Roaring Twenties Desserts That Deserve a Comeback

Mimi's Tomato Soup Cake on a green glass stand
Photo: Jody

The Roaring Twenties might be associated with beaded flapper dresses and pinstriped suits, economic prosperity, and the rise of the "Lost Generation." But the 1920s were a unique time for cooking, especially when it came to desserts. A multitude of factors — including Prohibition, refrigerators becoming common in most households, and the beginning of the Great Depression — were at play and affected everything from ingredient sourcing to cooking techniques.

But just because these dish ideas are a century old doesn't mean you can't enjoy them today during the 2020s. From tomato soup cake to layered gelatin, find out what desserts were a hit a hundred years ago.

01 of 06

Pineapple Upside Down Cake

Grandma's Pineapple Upside-Down Cake
Brad Pettijohn

In the early 1900s, the Dole company began packaging canned pineapple in Honolulu, Hawaii. Over the years the business grew, and by the 1920s most households now had access to this exotic ingredient. Because of this, the pineapple upside down cake was quickly born by combining the popular style of skillet cakes with the tangy tropical fruit. Another popular new product of the time, syrup-packed maraschino cherries, were also commonly included in the cakes. Traditional maraschino cherries had been around since the turn of the century and were preserved in liqueur, but during the Prohibition the sugary variety quickly became the new norm.

Try it: Grandma's Pineapple Upside-Down Cake

02 of 06

Neapolitan Ice Cream

close up of Neapolitan Ice Cream
davidf / Getty Images

While ice cream existed for centuries before this era, it became a more attainable everyday dessert in the early 1900s thanks to the invention of refrigerators for households. Looking over menus from the time, ice cream was a regularly served dessert. We even spotted "avocado ice cream" on a Christmas Day menu for a Los Angeles restaurant in 1925. But by and large, the most common flavor in the 1920s was Neapolitan. The ice cream is thought to have been brought to the United States by immigrants from Naples, hence the name. Combining a trifecta of vanilla, chocolate, and strawberry flavors molded together, the dessert was meant to represent the Italian flag.

Try it: Make it with Strawberry, Vanilla, and Chocolate ice creams

03 of 06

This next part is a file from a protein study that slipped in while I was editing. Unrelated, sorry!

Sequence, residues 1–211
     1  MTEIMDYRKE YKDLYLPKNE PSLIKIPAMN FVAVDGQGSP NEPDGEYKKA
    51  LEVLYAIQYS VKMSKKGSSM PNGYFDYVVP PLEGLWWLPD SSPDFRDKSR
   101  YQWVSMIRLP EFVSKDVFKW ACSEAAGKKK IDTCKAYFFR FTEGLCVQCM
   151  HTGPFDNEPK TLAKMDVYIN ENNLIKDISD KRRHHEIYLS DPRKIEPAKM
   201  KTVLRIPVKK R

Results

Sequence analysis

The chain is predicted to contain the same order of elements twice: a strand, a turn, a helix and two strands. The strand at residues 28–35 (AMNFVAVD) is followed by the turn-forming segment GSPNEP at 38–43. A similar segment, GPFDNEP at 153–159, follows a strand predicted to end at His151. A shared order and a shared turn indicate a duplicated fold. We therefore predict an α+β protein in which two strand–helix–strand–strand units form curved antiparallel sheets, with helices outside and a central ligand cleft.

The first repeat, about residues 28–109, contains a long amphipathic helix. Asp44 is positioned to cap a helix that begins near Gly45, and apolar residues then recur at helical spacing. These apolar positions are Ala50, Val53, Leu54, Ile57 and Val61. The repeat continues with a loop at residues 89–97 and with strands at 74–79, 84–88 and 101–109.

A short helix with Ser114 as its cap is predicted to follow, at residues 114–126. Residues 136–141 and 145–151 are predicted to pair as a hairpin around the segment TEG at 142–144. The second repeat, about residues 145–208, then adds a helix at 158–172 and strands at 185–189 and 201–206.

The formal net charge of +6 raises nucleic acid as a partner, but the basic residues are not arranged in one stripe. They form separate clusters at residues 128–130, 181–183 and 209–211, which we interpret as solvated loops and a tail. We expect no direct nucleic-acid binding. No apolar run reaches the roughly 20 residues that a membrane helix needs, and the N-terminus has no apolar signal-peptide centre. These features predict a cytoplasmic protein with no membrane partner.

Seven Layer Gelatin Salad

Although patented in the late 1800s, Jell-O didn't become a hit with American households until the 1920s. This is partially due to intense marketing in the early years after the turn of the century — free Jell-O cookbooks were handed out door-to-door). Also, more homes had refrigerators, a necessary tool for setting up gelatin. The brand had a variety of flavors available even then, including strawberry, lemon, cherry, and peach. Jell-O was commonly served as a molded dessert, a salad containing pieces of fruit or even vegetables, and as a layered treat using multiple flavors.

Try it: Seven Layer Gelatin Salad

04 of 06

Fruit Cocktail

Fruit cocktail in a glass bowl
BWFolsom / Getty Images

Although its origins are mildly hazy, the common story about the name "fruit cocktail" comes from the Prohibition years. With restaurants having cocktail glasses that were unusable at the time due to the alcohol ban, chefs apparently got creative and started serving a sweet fruit mixture out of them. No matter its beginnings, the fruit cocktail trend caught on, and by the mid-1930s Del Monte was selling a canned version to households, cafeterias, and even military bases across the nation.

Try it: Fruit Cocktail Drop Cookies

05 of 06

Tomato Soup Cake

Mimi's Tomato Soup Cake on a green glass stand

Also sometimes referred to as "mystery cake" due to the secret ingredient, tomato soup cake is a creative take on baked goods that came about in the Depression era. There is no claim-to-fame for who invented it, but variations of the cake began popping up in community cookbooks around the late 1920s and early 1930s. Tomato soup made the perfect ingredient for cakes to add moisture since it was both frugal and shelf-stable. It was used as a substitute for the majority of the dairy (such as milk and butter) in recipes, which was hard to buy in large quantities during the time. Don't be concerned about a tomato-y tang in your cake, the combination of spices, dried fruit, and nuts will make for an aromatic dessert that masks any flavor.

Try it: Mimi's Tomato Soup Cake

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